They are children, their parents and the elderly. They are grimy, hungry and desperate.
Phon Sophana is one of them. He and his family, including his wife and two young children, live on the street, foraging a living by searching through discarded waste for items of value, normally plastic bottles and cans.
They work through the night, mostly in the darkness, but all around the clock if they have the stamina.
“There are a lot of competitors,” the 31-year-old said. “If I can go early enough, it would be lucky. If the others go before me, they would collect everything first.
Objective – To know the elements of work, health, and living conditions of women who pick recyclable waste and are members of a waste cooperative in a town of the state of Rio Grande do Sul, Brazil.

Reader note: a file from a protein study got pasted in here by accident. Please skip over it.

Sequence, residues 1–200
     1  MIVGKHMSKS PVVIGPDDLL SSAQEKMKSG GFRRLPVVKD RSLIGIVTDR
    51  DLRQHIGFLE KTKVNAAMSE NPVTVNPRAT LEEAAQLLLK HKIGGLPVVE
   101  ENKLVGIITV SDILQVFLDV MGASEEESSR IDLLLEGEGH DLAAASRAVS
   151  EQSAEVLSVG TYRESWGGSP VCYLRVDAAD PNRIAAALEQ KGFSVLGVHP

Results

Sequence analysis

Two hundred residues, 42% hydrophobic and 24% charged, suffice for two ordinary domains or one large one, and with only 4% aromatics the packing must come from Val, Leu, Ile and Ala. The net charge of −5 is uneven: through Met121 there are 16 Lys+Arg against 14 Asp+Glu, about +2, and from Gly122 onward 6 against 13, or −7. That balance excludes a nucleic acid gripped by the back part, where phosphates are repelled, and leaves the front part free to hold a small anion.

Method – This is a qualitative, exploratory and descriptive study with seven subjects. Data were collected through participative observation, semi structured interview, and a focus group from July to August of 2013. The data were subjected to content analysis.
Results – The following thematic categories emerged: Women’s work, informality and precariousness; Experiences of job satisfaction; and Working conditions and health: experiences with accidents, illness and health services.
Conclusion – It was concluded that the women who collect recyclable material are exposed to precarious work conditions and potential health risks, such as work overload, accidents, illness, and social insecurity, and that nurses are responsible for promoting actions that ensure the health and inclusion of these workers.